Starting in January 2024, France halted the practice of accepting Turkish imams who are on the payroll of the Turkish government. In the same month, Germany also announced its intention to replace imams sent by Turkey with domestically trained clergy. In 2018 Austria declared its plans to shut down Turkish mosques and expel at least 40 imams as part of a crackdown on political Islam, alluding to Turkey’s ruling Justice and Development Party (AKP), which has its roots in political Islam.

However, the government of President Recep Tayyip Erdogan has already initiated its plan B to circumvent such bans and restrictions. In recent years, the Diyanet has been cultivating a new generation of imams selected from abroad to serve Turkey’s national security interests.

In February 2017, German police raided the homes of four imams alleged to have spied on the opposition for the Turkish government. The police action was part of an investigation into what documents obtained by Deutsche Welle (DW) show to be a broader Turkish effort to collect information across Europe on supporters of the religious movement Ankara blames for last July’s failed coup attempt.

The raids targeted the homes of four Turkish imams affiliated with the Turkish-Islamic Union for Religious Affairs (DITIB), Germany’s largest Islamic umbrella group with over 900 mosques tied to the Turkish government’s Directorate of Religion, or Diyanet.

Turkish spy imams with diplomatic passport

All imams of Turkish origin who are trained at the “Spy Imam” project are stationed overseas with diplomatic passports, provided by the Foreign Ministry after their selection by the interagency commission, granting Turkish imams diplomatic immunity while serving abroad.

According to Turkish journalist Abdullah Bozkurt, Turkey’s Diyanet boasts a substantial budget and employs approximately 140,000 people in Turkey and abroad, overseeing around 90,000 mosques. Its budget for 2024, at 91.8 billion Turkish Lira (TL), saw a staggering increase of 151 percent over the previous year, which stood at 36.5 billion Lira.

This budget surpasses the budgets of six ministries: Interior, Foreign Affairs, Energy and Natural Resources, Culture and Tourism, Industry, and Technology and Trade. The projected budget for the Diyanet in 2025 is TL 113.9 billion, and for 2026, TL 131.1 billion.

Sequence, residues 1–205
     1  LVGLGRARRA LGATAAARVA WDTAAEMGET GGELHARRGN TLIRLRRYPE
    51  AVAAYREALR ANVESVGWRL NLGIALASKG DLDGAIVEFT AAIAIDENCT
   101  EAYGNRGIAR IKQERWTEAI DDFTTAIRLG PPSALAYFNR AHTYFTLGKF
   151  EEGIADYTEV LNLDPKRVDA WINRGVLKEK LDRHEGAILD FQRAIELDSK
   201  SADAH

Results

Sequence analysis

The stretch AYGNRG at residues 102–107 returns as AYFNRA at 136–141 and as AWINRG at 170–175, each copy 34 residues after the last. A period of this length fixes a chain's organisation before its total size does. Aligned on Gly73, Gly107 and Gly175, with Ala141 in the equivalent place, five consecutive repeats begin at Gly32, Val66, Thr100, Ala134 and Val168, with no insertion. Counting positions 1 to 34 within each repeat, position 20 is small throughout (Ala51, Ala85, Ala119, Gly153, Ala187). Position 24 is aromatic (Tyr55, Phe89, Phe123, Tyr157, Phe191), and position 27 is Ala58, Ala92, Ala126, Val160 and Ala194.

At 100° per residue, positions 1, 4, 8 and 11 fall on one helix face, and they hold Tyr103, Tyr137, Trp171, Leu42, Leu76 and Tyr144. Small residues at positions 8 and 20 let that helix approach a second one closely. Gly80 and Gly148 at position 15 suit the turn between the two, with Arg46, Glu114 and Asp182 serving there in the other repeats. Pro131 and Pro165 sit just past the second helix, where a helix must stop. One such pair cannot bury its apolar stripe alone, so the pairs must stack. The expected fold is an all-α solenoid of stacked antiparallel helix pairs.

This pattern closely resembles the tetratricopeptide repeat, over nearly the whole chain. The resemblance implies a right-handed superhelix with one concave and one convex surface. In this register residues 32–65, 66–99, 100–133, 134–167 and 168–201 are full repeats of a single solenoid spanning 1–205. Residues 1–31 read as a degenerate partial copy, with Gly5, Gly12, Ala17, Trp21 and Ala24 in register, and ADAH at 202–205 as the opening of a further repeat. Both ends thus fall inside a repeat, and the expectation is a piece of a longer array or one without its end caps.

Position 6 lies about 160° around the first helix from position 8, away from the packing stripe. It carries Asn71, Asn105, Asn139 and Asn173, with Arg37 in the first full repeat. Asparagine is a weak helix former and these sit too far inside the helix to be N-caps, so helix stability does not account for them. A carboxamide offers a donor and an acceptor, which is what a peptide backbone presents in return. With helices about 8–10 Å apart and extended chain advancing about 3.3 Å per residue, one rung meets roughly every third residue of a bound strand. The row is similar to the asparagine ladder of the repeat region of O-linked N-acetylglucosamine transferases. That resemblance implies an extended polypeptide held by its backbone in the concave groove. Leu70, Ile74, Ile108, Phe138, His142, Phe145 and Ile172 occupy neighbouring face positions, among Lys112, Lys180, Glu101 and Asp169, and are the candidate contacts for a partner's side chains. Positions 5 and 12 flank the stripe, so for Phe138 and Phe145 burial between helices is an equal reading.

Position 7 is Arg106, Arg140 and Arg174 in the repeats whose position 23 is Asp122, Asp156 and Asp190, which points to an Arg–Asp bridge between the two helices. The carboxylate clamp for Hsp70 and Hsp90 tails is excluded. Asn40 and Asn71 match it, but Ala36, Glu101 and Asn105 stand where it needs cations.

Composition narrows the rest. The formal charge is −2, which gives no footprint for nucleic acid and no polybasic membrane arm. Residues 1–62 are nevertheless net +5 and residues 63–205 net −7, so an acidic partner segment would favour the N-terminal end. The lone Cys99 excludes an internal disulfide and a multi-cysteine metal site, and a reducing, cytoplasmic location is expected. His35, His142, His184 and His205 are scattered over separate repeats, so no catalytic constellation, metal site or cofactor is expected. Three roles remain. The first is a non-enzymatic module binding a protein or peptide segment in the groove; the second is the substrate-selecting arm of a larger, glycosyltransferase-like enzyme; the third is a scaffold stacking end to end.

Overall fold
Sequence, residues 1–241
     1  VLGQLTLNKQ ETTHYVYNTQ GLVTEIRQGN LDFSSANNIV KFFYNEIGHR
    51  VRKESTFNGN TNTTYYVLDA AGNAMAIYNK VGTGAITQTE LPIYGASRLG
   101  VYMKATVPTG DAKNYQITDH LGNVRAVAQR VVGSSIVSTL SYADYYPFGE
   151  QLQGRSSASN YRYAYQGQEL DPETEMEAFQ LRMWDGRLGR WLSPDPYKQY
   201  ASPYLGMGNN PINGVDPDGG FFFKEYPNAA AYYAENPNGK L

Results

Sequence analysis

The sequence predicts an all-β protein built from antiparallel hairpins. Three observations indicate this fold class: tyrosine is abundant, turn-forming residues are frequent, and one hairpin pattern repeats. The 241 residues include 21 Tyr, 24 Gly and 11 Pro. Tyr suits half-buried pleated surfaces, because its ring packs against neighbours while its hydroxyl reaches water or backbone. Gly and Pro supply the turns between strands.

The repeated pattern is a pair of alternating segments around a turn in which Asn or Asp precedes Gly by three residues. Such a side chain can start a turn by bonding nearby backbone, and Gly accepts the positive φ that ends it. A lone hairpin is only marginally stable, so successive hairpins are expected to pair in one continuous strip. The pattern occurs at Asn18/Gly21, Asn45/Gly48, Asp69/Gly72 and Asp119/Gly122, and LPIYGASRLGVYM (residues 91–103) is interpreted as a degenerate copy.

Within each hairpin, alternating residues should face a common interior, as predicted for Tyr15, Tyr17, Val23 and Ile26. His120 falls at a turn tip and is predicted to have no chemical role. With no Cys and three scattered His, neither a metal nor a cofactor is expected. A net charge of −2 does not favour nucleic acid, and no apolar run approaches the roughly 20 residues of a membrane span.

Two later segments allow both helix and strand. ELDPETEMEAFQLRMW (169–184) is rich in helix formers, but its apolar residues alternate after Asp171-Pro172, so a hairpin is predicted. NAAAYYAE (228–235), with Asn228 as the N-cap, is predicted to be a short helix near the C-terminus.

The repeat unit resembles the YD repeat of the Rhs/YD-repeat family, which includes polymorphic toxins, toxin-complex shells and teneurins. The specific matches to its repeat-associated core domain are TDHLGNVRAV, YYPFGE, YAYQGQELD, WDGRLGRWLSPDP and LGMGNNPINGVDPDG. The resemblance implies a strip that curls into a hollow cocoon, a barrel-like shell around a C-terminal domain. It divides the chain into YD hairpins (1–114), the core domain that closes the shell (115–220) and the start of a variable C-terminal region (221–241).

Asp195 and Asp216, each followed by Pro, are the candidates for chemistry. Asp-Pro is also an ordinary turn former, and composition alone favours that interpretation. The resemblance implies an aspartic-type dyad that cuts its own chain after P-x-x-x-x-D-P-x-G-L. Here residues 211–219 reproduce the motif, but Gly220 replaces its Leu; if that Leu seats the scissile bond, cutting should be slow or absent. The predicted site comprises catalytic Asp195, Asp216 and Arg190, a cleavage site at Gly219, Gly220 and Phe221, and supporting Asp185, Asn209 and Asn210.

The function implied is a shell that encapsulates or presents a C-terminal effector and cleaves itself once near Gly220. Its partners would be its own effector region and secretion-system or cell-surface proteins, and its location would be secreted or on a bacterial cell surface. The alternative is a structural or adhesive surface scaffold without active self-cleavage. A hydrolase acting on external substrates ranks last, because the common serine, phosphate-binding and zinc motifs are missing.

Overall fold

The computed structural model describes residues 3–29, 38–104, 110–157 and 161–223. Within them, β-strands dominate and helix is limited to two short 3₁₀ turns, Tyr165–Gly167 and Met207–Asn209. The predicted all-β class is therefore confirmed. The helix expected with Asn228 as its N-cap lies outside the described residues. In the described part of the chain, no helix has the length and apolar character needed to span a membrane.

Diyanet closed 2023 with expenditures exceeding TL 50 billion, TL 14 billion more than its initial allocation.

Conversion rate of TL with 1 US dollar is 32.40.

Bozkut said, in the last decade, the Erdogan government has significantly expanded its spying operations abroad, with multiple government agencies actively recruiting agents, assets and informants from dual citizens or foreign nationals to gather intelligence and collect information. The objective is to gain leverage for the Erdogan government in discussions with its counterparts, influence the policies of host governments, create proxies for mobilization to achieve political objectives and suppress opposition groups in Turkish expatriate communities.

Covert operation of Pakistani ISI’s spy imams

In 2011, a Pakistani spy imam named Colonel Sultan Amir Tarar, code named “Colonel Imam”- known as a legendary spy in Pakistan who was almost a godfather for the Afghan Taliban under Mullah Umar’s leadership – was kidnapped by a faction of Pakistani Taliban aligned with Al Qaeda. Another former spy, Khalid Khawaja, who accompanied him on a trip to the Waziristan area, was brutally murdered by kidnappers early on.

According to media reports, Mullah Umar and Haqqani Network leader Siraj Haqqani, two of the best friends of Pakistani ISI, tried their best to rescue “Colonel Imam” but failed.

According to a credible source, on completion of their training at Turkish intelligence run training centers, spy imams of Pakistani ISI are deployed under numerous covers to several countries in the world while many of them also successfully enter India using passports of a third country under the garb of Tablighi Jamaat members. These spy imams meet ISI’s assets inside India with various assignments while a section of the spy imams are also involved in dealing in counterfeit India currency, which are being spread through ISI’s assets inside the country.